Could Someone (smarter than me) Check my Math? [Updated]

by Jason Fredin

I am attempting to understand the calculations that are behind our municipal tax rate in an effort to understand the city’s budget process.

Listed below are actual numbers I have gathered from a couple locations.

The home value is my house in White Oaks as assessed by MPAC.

The calculation for 2012 property taxes is from the city’s website. [1]

The 2013 property tax calculation uses a 0% increase, but reduces the municipal share of the tax by 2.48%, the phased in assessment growth.[2]

Could someone please review these numbers and correct any errors I have made in calculation or assumption.

Screen Shot 2013-02-11 at 8.16.48 AM

By my calculations under a proposed tax freeze I will actually be paying $17.99 less next year.

 

 

Update (February 12,2013):

Apparently none of this math matters, and I kind of understand why.

From an email I recived from the city’s finance department this morning “Jason, you cannot calculate exact tax rates simply from the City budget.”

It was explained in the email that there is much more that goes on behind the scenes when it comes to the rate we pay for taxes.

While the city discusses how much we should spend as a whole, the percentages are only a rough projection of the final cost to taxpayers.

Other factors like the education amount which will be lower for 2013 at  0.212% (a number I can’t find online publicly anywhere) and the ratios which set the multi-unit, industrial and commercial rates are still up for discussion/finalization after the budget process is complete. All these factors can alter the final rate we pay for property taxes.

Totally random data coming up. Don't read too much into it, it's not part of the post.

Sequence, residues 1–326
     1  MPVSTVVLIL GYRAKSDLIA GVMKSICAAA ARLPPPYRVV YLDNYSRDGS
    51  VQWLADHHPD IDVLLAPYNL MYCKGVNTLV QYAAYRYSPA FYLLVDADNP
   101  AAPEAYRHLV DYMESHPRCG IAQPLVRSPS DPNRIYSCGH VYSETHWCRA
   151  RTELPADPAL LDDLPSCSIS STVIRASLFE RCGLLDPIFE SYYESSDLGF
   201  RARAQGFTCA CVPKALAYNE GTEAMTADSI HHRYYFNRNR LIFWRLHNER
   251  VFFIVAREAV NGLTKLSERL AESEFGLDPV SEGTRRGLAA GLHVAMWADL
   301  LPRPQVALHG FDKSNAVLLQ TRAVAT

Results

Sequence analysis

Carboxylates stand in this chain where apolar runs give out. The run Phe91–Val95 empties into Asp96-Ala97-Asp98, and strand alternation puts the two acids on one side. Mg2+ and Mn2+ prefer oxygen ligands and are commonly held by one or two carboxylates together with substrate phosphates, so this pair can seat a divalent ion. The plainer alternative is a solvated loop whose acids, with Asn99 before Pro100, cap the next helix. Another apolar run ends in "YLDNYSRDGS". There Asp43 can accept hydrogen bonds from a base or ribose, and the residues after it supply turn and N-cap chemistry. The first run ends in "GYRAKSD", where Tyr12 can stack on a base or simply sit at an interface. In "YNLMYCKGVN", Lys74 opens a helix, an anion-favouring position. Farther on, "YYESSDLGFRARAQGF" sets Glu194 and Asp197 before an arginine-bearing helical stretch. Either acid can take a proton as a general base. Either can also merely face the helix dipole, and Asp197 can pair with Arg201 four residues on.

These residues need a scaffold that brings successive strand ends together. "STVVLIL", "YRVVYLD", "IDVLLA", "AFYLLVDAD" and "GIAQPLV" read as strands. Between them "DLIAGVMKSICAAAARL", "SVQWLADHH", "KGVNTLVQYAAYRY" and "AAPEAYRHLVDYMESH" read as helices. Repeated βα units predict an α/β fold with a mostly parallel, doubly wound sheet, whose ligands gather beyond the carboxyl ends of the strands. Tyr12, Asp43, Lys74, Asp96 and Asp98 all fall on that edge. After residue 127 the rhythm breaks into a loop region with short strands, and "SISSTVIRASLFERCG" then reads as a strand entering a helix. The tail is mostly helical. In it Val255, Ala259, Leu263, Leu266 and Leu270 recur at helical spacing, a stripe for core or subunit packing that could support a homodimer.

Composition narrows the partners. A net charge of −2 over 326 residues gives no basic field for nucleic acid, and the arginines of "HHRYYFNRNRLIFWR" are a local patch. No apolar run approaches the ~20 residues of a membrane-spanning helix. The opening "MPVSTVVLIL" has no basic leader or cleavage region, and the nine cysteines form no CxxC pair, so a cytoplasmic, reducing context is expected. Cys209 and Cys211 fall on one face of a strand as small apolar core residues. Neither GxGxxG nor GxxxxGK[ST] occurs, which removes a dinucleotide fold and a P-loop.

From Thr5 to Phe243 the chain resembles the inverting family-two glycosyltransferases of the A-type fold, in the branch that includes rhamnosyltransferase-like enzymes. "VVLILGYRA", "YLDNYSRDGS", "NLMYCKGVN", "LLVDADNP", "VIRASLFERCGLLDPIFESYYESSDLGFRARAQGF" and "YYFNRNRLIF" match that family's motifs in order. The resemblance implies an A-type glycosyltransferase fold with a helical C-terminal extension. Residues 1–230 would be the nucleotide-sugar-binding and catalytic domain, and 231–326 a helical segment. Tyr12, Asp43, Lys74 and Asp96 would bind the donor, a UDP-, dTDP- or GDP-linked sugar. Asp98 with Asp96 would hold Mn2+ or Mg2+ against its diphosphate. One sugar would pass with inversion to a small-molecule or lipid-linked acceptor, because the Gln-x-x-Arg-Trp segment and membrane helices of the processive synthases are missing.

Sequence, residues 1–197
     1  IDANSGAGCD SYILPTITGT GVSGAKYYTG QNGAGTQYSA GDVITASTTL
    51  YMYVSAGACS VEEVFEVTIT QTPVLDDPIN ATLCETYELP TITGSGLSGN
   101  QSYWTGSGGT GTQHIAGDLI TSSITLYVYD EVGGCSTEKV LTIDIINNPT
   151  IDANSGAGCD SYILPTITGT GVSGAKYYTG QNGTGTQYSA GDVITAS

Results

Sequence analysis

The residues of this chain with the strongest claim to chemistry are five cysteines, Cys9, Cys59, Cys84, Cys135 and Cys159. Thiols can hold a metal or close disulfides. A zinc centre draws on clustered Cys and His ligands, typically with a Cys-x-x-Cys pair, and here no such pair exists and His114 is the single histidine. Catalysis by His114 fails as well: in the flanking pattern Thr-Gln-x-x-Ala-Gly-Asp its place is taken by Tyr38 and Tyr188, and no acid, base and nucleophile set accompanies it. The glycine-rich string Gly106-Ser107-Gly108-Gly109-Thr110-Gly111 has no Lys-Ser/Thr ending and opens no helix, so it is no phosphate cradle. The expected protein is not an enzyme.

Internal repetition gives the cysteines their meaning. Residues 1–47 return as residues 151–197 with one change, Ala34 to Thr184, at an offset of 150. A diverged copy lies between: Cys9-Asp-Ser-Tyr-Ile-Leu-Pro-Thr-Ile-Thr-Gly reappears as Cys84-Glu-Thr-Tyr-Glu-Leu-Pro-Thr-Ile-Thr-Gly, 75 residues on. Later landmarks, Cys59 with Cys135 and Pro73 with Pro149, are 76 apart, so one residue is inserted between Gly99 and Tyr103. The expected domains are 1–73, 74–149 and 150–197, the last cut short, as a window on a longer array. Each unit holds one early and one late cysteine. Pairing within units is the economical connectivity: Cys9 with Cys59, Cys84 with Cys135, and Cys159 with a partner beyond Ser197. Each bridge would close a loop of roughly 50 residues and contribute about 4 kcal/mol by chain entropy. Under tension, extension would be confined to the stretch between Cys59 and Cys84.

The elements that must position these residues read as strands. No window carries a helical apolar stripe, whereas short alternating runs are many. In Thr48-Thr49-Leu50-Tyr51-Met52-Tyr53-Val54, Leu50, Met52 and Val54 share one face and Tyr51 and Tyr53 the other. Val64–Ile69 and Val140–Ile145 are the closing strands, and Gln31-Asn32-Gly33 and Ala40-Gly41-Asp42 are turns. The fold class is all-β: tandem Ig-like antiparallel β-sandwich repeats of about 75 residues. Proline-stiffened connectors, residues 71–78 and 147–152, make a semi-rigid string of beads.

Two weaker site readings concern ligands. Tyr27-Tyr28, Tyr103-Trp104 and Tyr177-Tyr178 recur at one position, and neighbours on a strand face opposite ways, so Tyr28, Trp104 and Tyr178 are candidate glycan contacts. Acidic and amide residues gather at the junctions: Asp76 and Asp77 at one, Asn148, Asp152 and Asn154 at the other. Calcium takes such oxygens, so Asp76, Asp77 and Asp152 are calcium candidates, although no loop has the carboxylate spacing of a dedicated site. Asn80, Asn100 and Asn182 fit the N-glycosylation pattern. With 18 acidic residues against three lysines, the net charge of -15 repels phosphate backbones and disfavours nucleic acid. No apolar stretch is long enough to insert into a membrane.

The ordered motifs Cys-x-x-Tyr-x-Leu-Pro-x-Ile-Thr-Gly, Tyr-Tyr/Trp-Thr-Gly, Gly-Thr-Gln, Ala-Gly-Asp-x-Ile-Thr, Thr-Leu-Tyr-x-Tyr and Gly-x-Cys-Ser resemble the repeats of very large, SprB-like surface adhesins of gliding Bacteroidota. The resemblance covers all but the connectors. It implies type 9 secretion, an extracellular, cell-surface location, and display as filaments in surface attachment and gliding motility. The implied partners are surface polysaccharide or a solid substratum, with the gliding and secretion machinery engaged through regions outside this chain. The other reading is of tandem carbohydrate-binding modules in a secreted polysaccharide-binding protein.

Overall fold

That’s really too bad because I was hoping to build something similar to the calculator Ottawa provides its citizens at http://app06.ottawa.ca/cgi-bin/tax/tax.pl?lang=en, with the ability to enter your own property information and see how the change in budget decisions reflected in your final bill, as opposed to this ‘average homeowner’ we hear about in all media reports.

I think this calculator could be a good tool to further discussion during budget debates.

This is a setback, but I’m not throwing in the towel on this project, not yet.

 

[1] http://www.london.ca/d.aspx?s=/Taxes/Residential/default.htm
[2] Martin Hayward’s report to the Corporate Services Committee January 22, 2013. Schedule C. http://sire.london.ca/mtgviewer.aspx?meetid=432&doctype=agenda&itemid=17257